Genetics and Juvenile Delinquency
The role of genetics in juvenile Delinquents: I have had the opportunity to observe a set of fraternal twins grow from birth to teen years. One had been known to steal things, and get into trouble while to other was withdrawn and extremely much an introvert. I often wondered if the extroverted twin appeared overly secure; he was slender in physique while his brother was introverted and obese, quite the opposite. According to Bartol and Bartol (2011), fraternal twins (also called Dizygotic DZ twins develop from two different fertilized eggs and are no more genetically alike than nontwin siblings. For the purpose of this discussion, I will attempt to analyze the role of genetics in juvenile delinquents. Genetic risk of violent behavior would tend to be more prevalent in identical twins (also called Monozygotic MZ twins develop from the same fertilized egg) than in fraternal twins (also called Dizygotic DZ twins develop from two different fertilized eggs. “Because MZ twins share 100 percent of their genes, it can be inferred that a child’s genetic risk for antisocial behavior is high if his or her co twin shows antisocial behavior and low if the MZ co twin does not” (Bartol and Bartol, 2011).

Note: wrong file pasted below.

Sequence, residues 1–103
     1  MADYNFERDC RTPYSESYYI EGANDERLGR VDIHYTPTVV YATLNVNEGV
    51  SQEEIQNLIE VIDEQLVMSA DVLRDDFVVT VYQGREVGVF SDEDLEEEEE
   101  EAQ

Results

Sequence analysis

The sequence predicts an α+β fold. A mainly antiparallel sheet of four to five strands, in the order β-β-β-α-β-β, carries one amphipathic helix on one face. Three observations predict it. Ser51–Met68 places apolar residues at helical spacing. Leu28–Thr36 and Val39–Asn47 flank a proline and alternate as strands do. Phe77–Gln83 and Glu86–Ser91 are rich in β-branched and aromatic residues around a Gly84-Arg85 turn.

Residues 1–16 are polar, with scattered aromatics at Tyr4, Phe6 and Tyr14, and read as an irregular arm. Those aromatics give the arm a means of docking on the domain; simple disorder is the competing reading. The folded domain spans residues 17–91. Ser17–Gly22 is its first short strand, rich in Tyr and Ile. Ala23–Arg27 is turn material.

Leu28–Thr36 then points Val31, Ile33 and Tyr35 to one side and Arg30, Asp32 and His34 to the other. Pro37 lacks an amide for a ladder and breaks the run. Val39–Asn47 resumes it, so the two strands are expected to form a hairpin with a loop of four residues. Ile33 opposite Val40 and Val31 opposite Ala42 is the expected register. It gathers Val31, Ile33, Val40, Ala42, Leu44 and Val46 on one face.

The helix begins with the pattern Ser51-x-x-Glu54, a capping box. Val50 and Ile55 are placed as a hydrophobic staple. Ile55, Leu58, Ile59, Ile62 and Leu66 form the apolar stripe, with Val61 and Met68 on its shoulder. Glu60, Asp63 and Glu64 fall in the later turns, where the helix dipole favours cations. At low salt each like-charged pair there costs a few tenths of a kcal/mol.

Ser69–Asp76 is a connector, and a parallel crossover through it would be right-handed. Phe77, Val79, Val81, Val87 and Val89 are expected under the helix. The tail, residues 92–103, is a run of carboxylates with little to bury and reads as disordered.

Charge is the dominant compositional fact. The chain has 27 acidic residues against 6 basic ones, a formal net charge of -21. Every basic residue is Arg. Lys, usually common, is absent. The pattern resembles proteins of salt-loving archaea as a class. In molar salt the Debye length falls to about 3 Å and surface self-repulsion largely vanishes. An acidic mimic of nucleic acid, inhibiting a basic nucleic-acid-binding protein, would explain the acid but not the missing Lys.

The XYY theory posits that during the normal process at conceptions, an XX or an XY paired producing a female or male and in some cases, an extra Y chromosome attaches itself producing a XYY chromosomal combination. According to Champion, Merlo and Benekos (2010), this additional chromosome combination is the aggressive chromosome responsible for criminal behavior seen in juvenile delinquents. If this theory is accurate, then this tells me that males are more likely to be born with this abnormal chromosome than females. However, that brings into question the Purpose for the recent increase in female juvenile delinquency. Research has indicated that less than five percent of the population has this...
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